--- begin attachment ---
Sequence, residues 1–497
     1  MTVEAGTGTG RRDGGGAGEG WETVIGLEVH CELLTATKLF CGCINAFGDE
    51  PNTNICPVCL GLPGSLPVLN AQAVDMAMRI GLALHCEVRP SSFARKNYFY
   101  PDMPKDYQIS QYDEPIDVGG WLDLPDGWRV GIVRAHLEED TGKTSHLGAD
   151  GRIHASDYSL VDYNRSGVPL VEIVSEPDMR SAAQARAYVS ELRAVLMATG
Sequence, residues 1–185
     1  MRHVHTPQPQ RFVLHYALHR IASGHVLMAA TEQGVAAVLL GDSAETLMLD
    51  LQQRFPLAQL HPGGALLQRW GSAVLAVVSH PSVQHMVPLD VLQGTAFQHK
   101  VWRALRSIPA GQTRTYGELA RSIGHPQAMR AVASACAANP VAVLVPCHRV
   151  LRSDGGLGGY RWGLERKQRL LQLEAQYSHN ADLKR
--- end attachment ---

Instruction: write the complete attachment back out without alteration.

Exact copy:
Sequence, residues 1–497
     1  MTVEAGTGTG RRDGGGAGEG WETVIGLEVH CELLTATKLF CGCINAFGDE
    51  PNTNICPVCL GLPGSLPVLN AQAVDMAMRI GLALHCEVRP SSFARKNYFY
   101  PDMPKDYQIS QYDEPIDVGG WLDLPDGWRV GIVRAHLEED TGKTSHLGAD
   151  GRIHASDYSL VDYNRSGVPL VEIVSEPDMR SAAQARAYVS ELRAVLMATG
Sequence, residues 1–185
     1  MRHVHTPQPQ RFVLHYALHR IASGHVLMAA TEQGVAAVLL GDSAETLMLD
    51  LQQRFPLAQL HPGGALLQRW GSAVLAVVSH PSVQHMVPLD VLQGTAFQHK
   101  VWRALRSIPA GQTRTYGELA RSIGHPQAMR AVASACAANP VAVLVPCHRV
   151  LRSDGGLGGY RWGLERKQRL LQLEAQYSHN ADLKR